No higher honor can be given to a Sailor or Marine for non-combat heroism than the Navy and Marine Corps Medal. Established by an Act of Congress on 7 August 1942, the instructions for its issuance (found in Title 10 of the United States Code) allow it to be rewarded retroactively by anyone whom the Secretary of the Navy awarded a letter of commendation before that date.
To be eligible for this highly estimable honor, an individual must have performed a distinguishing act of heroism not involving actual conflict with the enemy while serving in any capacity in either the Navy or Marine Corps. If the act was one of lifesaving or attempted lifesaving, the candidate’s actions must have been performed at the risk of their own life. Personnel in the Navy Reserve or the Marine Corps who take part in lifesaving (or attempted lifesaving) incidents are considered eligible for the award even if they were not in a duty status as the time.
The nature of serving in the Navy or Marine Corps means that, quite frequently, acts of heroism are often involved with type of lifesaving effort. But regulations are quite specific that the most important determining aspect when deciding to award the medal is not so much on the actual lifesaving itself as it on the amount of life-threatening risk that the candidate faced in carrying out the act. When the actions of those being considered for the Navy or Marine Corps Medals do involve a lifesaving incident, regulations state that eyewitness statements should include an opinion from the witness(es) as to whether the potential awardee imperiled his or her life.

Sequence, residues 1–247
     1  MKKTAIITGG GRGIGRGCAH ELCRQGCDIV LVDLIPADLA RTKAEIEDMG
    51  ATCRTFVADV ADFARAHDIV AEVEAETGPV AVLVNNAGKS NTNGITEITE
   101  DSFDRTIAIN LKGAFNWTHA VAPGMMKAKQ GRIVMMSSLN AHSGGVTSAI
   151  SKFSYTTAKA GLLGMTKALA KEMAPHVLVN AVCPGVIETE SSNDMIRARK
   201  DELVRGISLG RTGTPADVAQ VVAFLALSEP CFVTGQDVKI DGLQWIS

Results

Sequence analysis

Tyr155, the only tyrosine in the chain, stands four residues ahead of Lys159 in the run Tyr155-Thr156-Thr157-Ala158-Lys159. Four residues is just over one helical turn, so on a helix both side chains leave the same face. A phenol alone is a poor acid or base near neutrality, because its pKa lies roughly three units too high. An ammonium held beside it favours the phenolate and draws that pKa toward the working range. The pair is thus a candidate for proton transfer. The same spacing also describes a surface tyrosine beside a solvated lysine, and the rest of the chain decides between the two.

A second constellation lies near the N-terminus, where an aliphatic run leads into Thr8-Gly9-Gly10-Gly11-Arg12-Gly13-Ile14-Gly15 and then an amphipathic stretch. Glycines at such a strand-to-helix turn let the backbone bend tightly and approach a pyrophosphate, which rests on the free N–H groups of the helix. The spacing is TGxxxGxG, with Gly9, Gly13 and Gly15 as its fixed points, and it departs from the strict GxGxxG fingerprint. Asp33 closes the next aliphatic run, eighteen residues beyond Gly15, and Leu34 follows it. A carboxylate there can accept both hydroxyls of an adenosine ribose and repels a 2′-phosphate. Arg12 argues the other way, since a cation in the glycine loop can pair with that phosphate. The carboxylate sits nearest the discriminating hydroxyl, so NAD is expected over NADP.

Other types of information that the Navy looks to include for use in making final award determinations are precise locations of rescues (or attempted to rescues); weather conditions including wind force and temperatures; date and time; names of all parties rendering assistance and a description of the assistance they provided; diagrams of rescue scenes with geospatial information on the start point of all rescue efforts; swimming qualifications of rescuers; and highly detailed information on any injuries resulting from burning. Further information on Eyewitness Statements in relation to lifesaving incidents is found in Article 213 of the Navy and Marine Corps Awards Manual.
Arguably the most famous recipient of the Navy and Marine Corps Medal is John F. Kennedy, who was serving as a Lieutenant aboard the Motor Torpedo Boat PT-109 when it was cut in half by a Japanese destroyer. Kennedy helped rescue Machinist's Mate First Class Patrick McMahon by towing him (via a life-jacket strap clenched in his teeth) more than three-and-a-half miles from the sinking PT-109 to a tiny desert island, then helped ensure the survival of the rest of the crew by locating another island with drinkable water and a food source.